Time to switch off?

Nowadays, with modern technology the way it is, it is very easy to fall into the temptation of checking your phone every 5 minutes. What happens if someone has texted? How many people have liked my recent Instagram picture? Who has commented on my Facebook post? But recent studies have shown that we are spending more and more time looking at screens and less and less time interacting with others around us. There is even a syndrome called FOMO: Fear of Missing Out, defined as ‘anxiety that an exciting or interesting event may currently be happening elsewhere, often aroused by posts seen on social media’.

Coming up to exam season and coursework/dissertation deadline days, switching off is more important than ever. Phones are a distraction, a huge one, so here are my top tips for switching off:

  1. Go on your phone only as a reward. Do 1 hour of studying/revising/writing and reward yourself with 5 minutes on your phone. It’s a great way to focus on your work without the distractions, as well as giving yourself motivation to get some work done. Even better, go outside for 5 minutes; take a walk in Western park, sit in the sunshine (if there actually is any). But if you have to go on your phone, limit your time, be strict with yourself.
  2. A lot of phones nowadays have a do not disturb mode. This means if someone texts you, rings you or you get a notification, you will not hear a thing. It’s great for night time when you are trying to get to sleep, or when trying to concentrate on some work, as you won’t have the distraction of a pinging phone. And, if you are worried about what would happen if there was an emergency, there are settings you can change which means that if certain people ring you, there will be sound.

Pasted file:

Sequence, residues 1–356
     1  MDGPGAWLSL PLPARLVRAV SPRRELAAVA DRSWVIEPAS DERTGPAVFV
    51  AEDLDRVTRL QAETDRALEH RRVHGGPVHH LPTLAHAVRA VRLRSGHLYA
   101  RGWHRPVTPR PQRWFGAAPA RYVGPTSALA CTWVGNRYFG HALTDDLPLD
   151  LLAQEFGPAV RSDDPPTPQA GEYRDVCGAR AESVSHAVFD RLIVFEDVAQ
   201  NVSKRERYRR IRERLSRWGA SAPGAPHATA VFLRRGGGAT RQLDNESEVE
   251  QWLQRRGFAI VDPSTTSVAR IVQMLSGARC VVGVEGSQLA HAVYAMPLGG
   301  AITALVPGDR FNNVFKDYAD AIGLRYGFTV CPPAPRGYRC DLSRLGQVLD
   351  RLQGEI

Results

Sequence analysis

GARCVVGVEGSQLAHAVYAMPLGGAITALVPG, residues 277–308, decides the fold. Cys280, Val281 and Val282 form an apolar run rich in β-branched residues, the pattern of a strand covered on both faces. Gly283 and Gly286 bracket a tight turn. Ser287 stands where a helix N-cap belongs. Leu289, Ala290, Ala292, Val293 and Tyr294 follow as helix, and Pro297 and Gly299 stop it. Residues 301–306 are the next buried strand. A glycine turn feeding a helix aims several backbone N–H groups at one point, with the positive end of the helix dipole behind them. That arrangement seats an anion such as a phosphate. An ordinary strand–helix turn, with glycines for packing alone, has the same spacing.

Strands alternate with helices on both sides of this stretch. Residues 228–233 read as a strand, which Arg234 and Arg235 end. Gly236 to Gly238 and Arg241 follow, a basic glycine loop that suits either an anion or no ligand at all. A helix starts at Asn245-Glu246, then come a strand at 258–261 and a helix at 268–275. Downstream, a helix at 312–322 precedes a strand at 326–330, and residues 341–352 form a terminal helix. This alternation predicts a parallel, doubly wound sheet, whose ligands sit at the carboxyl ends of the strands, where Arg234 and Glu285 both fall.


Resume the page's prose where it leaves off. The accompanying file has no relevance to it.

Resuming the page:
3. Try to not look at your phone the last hour or two before you are planning on heading to bed. Studies have been done showing the artificial blue light stimulates your eyes and restrains melatonin production. The lack of this hormone makes it harder to fall asleep as well as stay asleep, as melatonin controls your sleep/wake cycle. Sleep is hard enough to get as a student, with late nights studying (or partying), exam stress etc., so try to do everything possible to get the best quantity and quality sleep you can.
  4. During exam season, find a trustworthy friend and give them the password for your Facebook, Instagram, Twitter, Snapchat, whatever social media site you spend too much time on. Ask them to change the password and not tell you it, until a certain date after your deadlines have passed. This will eliminate any chance of wasting hours scrolling through these sites, as you won’t have access to them. You never know, you might not miss them as much as you think.

Don’t get me wrong, technology isn’t all bad. We can skype family abroad, message a friend who lives the other side of the world, find the answer to a question within seconds, the opportunities are endless. When used productively, a smart phone is a wonderful thing. But now more than ever, I feel like it’s important to take some time off from staring at our screens, interact with the people around you, get some work done and generally feel better and less reliant on your phone. Unfortunately young people nowadays have a stereotype of having eyes locked on screens and only being able to communicate in grunts. Why don’t we try and change that?


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